Litigation Trends: Privacy, Data Protection & E-Disclosure

October 17, 2011

The regular The Fulbright & Jaworski 2011 Litigation Trends Survey is an independent survey of senior corporate counsel. Now in its eighth year, the report surveyed 405 in-house lawyers (from a wide range of industry sectors) and includes the material on privacy, data protection and e-disclosure displayed below.

The full 2011 Litigation Trends Survey is available for download at:

‘Businesses are increasingly required to search employees’ social media accounts and mobile devices in the context of disputes. Over a quarter (27%) of UK companies (compared to 18% in 2009) have been required to produce electronically stored information from a social media site for e-disclosure purposes during the past 12 months. This is perhaps due to the notable rise in the proportion of companies that have no restrictions on website usage, including social media websites, up from one third (37%) of UK respondents in 2009 to 43% this year. Similarly, 36% of UK respondents have had to preserve and collect data from an employee mobile device, such as a BlackBerry or other smartphone, for litigation or as part of an investigation.

Businesses may also face further issues in connection with new forms of data storage including ‘cloud computing’. One in three (30%) UK respondents reported utilising cloud computing. One half (50%) of UK respondents using cloud computing have already reported having to preserve and/or collect data from the cloud in connection with actual or threatened litigation, disputes or investigations. More than one in ten (13%) UK respondents not yet using the cloud expressed an intention to move software or data to the cloud in the next 12 months. Worryingly, some 16% of all respondents did not know whether their companies stored data in the ‘cloud’.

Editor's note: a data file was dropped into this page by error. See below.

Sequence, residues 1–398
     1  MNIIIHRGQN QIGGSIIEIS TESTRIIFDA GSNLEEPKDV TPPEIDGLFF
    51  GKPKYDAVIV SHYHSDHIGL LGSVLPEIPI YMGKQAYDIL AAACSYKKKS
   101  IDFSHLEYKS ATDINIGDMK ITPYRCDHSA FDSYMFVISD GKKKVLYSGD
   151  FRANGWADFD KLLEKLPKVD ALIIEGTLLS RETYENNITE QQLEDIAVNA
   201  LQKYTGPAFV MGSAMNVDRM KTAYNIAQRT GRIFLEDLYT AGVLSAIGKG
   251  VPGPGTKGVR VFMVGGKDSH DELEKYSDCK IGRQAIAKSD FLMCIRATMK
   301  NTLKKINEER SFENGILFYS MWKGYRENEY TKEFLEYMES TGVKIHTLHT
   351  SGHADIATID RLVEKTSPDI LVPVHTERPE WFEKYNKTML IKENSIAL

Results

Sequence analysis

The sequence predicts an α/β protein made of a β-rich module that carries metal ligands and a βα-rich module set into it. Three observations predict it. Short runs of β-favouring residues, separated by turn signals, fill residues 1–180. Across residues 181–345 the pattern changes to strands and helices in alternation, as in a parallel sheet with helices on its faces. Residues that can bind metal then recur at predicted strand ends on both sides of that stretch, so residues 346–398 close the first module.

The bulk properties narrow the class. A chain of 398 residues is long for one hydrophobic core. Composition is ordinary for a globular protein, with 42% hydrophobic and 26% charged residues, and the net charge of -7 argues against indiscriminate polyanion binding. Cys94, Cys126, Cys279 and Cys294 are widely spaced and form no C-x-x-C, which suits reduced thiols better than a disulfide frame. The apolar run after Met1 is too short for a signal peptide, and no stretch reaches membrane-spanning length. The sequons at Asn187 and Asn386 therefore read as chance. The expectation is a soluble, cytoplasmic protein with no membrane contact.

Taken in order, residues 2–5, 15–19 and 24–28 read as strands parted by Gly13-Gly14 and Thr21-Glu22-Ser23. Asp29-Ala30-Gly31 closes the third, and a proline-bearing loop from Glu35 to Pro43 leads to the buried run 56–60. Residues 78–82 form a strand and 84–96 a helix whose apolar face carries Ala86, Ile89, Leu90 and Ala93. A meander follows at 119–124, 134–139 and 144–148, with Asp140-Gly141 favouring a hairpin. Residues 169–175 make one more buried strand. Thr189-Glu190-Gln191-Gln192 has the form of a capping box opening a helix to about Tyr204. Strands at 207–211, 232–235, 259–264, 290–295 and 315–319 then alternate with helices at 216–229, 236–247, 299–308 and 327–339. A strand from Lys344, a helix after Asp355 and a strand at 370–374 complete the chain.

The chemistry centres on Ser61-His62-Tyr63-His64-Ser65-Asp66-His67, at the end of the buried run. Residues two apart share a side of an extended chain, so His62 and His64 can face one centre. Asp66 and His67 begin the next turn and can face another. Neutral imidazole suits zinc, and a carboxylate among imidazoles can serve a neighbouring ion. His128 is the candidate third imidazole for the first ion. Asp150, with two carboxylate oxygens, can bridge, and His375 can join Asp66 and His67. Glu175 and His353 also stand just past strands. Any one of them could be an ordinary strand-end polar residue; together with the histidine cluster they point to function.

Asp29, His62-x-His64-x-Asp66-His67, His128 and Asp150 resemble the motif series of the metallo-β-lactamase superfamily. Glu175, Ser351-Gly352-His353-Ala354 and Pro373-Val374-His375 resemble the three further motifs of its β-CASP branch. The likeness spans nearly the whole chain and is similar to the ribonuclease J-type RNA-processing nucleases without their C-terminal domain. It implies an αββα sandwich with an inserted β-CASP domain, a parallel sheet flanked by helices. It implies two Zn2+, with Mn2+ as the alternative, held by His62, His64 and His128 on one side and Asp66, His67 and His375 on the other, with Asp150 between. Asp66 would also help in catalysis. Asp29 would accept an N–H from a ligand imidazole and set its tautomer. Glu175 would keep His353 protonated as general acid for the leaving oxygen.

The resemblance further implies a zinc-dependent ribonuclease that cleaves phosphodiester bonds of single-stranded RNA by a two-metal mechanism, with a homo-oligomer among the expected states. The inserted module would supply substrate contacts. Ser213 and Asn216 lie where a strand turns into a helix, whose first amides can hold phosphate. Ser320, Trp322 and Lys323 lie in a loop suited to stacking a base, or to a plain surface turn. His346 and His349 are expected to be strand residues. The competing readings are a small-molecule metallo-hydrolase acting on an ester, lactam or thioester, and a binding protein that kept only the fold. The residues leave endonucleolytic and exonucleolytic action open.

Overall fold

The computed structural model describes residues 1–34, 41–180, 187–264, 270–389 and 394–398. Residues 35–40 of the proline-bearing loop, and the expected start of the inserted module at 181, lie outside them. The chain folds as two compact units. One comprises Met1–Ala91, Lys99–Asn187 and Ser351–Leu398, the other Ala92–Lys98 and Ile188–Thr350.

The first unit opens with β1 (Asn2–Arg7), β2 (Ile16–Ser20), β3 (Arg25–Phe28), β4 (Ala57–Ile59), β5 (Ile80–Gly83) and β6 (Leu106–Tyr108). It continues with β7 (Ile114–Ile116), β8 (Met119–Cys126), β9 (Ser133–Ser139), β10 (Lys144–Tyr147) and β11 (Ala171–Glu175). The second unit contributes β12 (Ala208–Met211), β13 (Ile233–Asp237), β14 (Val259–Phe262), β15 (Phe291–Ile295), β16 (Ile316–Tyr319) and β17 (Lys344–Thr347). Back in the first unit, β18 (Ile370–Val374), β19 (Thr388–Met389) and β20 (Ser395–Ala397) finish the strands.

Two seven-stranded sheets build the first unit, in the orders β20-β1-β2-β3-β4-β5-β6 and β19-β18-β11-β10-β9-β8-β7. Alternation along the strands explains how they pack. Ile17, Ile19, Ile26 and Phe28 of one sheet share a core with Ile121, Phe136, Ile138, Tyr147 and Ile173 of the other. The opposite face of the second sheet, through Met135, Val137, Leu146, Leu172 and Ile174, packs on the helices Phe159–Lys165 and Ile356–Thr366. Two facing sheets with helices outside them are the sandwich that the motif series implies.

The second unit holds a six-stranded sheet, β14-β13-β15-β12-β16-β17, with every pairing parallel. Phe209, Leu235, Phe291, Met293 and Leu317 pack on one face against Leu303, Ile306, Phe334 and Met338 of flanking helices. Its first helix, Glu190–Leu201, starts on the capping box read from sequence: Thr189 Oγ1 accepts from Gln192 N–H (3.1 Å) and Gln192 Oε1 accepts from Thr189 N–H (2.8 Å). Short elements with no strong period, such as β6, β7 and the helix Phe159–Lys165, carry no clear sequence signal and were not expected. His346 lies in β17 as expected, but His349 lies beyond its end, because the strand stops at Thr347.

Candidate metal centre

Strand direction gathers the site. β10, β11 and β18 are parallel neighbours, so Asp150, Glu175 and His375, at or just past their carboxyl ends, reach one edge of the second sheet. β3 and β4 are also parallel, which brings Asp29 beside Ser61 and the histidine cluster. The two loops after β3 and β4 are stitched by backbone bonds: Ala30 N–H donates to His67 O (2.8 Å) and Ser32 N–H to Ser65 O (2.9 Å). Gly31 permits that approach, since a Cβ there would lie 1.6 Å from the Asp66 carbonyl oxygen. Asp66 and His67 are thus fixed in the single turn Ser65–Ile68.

The impact of electronic media and privacy and data protection rules continues to give rise to issues for respondents involved in disputes. One in four (25%) of all respondents (and 22% of UK respondents) encountered privacy and data protection issues in litigation, disputes or investigations over the past 12 months, and 30% of the largest companies reported having encountered such difficulties. In particular, UK respondents cited issues arising in connection with the searching and collection of data from company equipment (62%), the searching and collection of data from personal equipment (62%) and the jurisdiction in which document processing takes place (42%).

More positively, significant numbers of participants have become more co-operative in their dealings with opposing lawyers in relation to e-disclosure issues. 34% of all respondents (and the same proportion of US and UK respondents) reported having made a concerted effort in this regard.

Adopting a more co-operative approach, and seeking a proportionate approach to e-disclosure, appears to reap rewards. Eight in ten (80%) UK respondents considered that a more co-operative approach to e-disclosure had led to lower litigation costs. Almost three quarters (72%) of UK respondents who sought a more proportionate approach to e-disclosure through the courts recorded a successful outcome.’